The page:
Funds with significant numbers of advisers employed in-house are Aware Super, UniSuper, Australian Retirement Trust (ART – created by the merger of SunSuper and QSuper in 2022), TelstraSuper and EquipSuper. As of April 2022, Aware, UniSuper and ART all had more than 120 advisers employed, while TelstaSuper and Equip each had more than 40. Some of these funds still refer their members to external advisers for comprehensive advice, limiting in-house advice to super matters only.
Historically, these funds were able to offer face-to-face advice services because their members were clustered geographically around central locations. For example, UniSuper’s advisers are generally located on university campuses – where all the fund’s members worked until the fund became public offer in 2021.
Post-pandemic we have all become more accustomed to meeting virtually, so in-house advisers can provide services to members wherever they are over the phone or via video conference.
REST is an example of a fund using an outsourced model to provide advice. Although the staff providing advice are employees of REST, they are licensed by Link Advice, making Link legally responsible for the service and their continuing professional education.
In addition, REST members can access a range of digital advice tools that can make recommendations on insurance levels, investment options and appropriate contributions. These tools are also provided by Link Advice.
By fully outsourcing, a super fund does not need to retain an Australian Financial Services Licence (AFSL) that permits them to provide personal advice.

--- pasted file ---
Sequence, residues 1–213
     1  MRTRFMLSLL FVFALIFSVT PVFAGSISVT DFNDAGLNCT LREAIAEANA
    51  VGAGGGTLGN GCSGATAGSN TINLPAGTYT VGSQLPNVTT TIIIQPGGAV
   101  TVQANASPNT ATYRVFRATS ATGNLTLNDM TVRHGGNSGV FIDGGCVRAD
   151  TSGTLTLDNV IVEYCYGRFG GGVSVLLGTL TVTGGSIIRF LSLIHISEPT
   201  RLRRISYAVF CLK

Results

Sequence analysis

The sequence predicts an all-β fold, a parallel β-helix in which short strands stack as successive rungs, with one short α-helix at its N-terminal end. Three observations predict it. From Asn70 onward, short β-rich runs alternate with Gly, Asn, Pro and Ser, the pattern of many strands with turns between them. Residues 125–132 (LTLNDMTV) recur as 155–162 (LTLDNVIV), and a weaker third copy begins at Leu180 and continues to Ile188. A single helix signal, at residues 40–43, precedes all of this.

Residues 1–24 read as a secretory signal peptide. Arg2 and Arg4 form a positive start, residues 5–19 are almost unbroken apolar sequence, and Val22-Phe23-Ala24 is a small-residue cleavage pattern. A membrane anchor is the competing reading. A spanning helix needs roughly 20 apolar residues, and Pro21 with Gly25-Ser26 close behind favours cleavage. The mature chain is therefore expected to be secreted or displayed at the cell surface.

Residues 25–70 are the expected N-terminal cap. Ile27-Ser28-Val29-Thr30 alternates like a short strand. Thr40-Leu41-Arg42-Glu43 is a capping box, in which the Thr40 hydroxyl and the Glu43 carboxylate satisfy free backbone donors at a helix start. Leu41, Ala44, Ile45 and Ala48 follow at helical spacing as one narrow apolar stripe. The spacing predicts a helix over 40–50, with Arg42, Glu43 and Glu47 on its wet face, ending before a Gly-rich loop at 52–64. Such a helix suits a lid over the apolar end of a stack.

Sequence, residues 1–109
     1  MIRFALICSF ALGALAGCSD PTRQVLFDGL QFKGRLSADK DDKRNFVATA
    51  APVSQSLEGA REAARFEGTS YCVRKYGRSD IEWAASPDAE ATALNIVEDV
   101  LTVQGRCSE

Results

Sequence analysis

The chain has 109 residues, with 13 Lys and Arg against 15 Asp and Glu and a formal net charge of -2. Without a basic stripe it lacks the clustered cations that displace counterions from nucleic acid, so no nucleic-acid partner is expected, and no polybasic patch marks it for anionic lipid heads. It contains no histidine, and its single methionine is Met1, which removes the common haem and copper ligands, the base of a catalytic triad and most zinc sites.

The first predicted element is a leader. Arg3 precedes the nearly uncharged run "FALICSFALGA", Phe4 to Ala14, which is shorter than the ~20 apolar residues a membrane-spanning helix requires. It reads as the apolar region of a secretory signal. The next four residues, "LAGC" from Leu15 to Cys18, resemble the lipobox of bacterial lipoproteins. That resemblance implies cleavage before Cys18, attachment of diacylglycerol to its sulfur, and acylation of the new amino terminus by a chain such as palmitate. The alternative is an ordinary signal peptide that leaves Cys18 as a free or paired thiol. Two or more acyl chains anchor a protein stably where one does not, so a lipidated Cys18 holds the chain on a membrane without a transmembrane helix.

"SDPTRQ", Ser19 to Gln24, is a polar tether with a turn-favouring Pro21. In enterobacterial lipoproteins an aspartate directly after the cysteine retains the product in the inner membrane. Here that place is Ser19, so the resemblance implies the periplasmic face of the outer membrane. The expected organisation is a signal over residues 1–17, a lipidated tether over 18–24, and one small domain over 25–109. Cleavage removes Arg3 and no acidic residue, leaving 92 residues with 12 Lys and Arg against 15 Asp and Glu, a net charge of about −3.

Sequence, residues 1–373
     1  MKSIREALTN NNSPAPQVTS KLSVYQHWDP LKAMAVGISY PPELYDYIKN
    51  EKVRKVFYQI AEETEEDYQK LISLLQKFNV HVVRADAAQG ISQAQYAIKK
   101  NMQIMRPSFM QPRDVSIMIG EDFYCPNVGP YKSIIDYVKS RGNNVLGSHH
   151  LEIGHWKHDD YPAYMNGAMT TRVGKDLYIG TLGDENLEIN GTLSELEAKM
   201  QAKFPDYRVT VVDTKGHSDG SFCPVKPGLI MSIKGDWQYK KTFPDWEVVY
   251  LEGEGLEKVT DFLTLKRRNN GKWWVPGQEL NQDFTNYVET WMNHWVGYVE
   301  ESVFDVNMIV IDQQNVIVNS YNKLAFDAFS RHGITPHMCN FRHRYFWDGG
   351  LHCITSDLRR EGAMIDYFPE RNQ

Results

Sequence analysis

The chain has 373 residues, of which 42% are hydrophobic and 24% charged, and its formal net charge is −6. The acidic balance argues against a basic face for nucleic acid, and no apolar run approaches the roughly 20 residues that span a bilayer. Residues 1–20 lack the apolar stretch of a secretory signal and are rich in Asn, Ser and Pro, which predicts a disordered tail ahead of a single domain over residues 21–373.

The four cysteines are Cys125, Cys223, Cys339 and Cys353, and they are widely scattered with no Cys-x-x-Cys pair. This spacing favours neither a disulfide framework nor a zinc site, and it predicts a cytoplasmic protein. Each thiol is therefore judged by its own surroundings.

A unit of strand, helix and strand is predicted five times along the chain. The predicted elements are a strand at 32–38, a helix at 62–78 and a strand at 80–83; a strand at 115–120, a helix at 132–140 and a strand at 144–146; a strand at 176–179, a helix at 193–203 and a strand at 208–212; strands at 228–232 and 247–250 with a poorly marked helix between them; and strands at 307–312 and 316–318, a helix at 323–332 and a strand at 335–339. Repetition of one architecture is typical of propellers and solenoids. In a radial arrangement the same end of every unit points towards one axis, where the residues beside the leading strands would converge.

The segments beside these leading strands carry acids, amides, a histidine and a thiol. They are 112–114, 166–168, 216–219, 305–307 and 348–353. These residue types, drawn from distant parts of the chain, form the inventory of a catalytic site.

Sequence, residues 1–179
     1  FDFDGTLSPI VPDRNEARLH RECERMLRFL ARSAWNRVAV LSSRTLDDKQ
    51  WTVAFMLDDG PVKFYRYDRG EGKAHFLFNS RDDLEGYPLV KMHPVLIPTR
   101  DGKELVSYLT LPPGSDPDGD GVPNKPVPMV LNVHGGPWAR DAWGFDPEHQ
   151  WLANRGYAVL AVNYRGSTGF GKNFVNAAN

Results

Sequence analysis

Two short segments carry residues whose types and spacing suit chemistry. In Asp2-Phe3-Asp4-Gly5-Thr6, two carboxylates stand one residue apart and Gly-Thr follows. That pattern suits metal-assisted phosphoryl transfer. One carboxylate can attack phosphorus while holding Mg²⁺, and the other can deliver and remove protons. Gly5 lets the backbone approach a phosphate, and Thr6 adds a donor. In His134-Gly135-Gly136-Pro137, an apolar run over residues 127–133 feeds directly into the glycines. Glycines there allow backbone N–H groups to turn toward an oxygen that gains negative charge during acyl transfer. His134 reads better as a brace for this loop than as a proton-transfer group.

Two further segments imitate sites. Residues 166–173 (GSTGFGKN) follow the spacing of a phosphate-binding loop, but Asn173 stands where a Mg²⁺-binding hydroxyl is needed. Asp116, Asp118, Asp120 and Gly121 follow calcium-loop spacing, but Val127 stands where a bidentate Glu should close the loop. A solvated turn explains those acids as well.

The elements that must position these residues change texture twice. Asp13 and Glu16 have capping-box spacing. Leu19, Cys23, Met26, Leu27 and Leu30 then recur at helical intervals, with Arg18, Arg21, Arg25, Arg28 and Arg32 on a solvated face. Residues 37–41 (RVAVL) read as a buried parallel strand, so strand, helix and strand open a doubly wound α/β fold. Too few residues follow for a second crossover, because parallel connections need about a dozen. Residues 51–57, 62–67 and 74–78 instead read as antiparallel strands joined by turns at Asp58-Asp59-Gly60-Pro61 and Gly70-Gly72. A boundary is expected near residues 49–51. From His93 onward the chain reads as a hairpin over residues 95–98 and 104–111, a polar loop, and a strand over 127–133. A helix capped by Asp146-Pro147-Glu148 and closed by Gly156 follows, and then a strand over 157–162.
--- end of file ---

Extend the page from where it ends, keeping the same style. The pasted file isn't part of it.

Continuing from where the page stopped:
Australian Retirement Trust (ART) is an example of a fund using a blended in-house and outsourced model to provide advice. Advisers employed by the fund provide one-off advice about super that is charged collectively, so members don’t need to pay a separate fee.
If members need comprehensive advice about more than their super, they are referred to an accredited adviser on ART’s National Advice Panel or they can source their own financial planner.
The cost of advice
While personal financial advice is getting easier to access via your super fund, it’s still difficult to know what it will cost until you contact your fund or their nominated adviser and agree on the scope of advice you want. The reason given is that each person’s needs will be different, but it could be a disincentive for many people.
The good news is that most funds do provide intra-fund advice at no additional cost, so this can be an excellent place to start. If your needs can’t be met using this service, it’s time to explore comprehensive advice.
Fees vary widely between and within funds. For example, Aware Super discloses that their fees for comprehensive advice range from $2,800 to $8,000. Specialist advice on personal insurance, aged care or estate planning comes with a cost of between $660 and $6,000. These prices include GST.
Read more about the cost of financial advice from a licensed financial planner. For example, Adviser Ratings estimates the median ongoing advice fee was $3,529 in 2021, up 41% from $2,510 in 2018. There was a wide range of fees, however, from a low of $800 to a maximum of $12,000, underlining the importance of shopping around.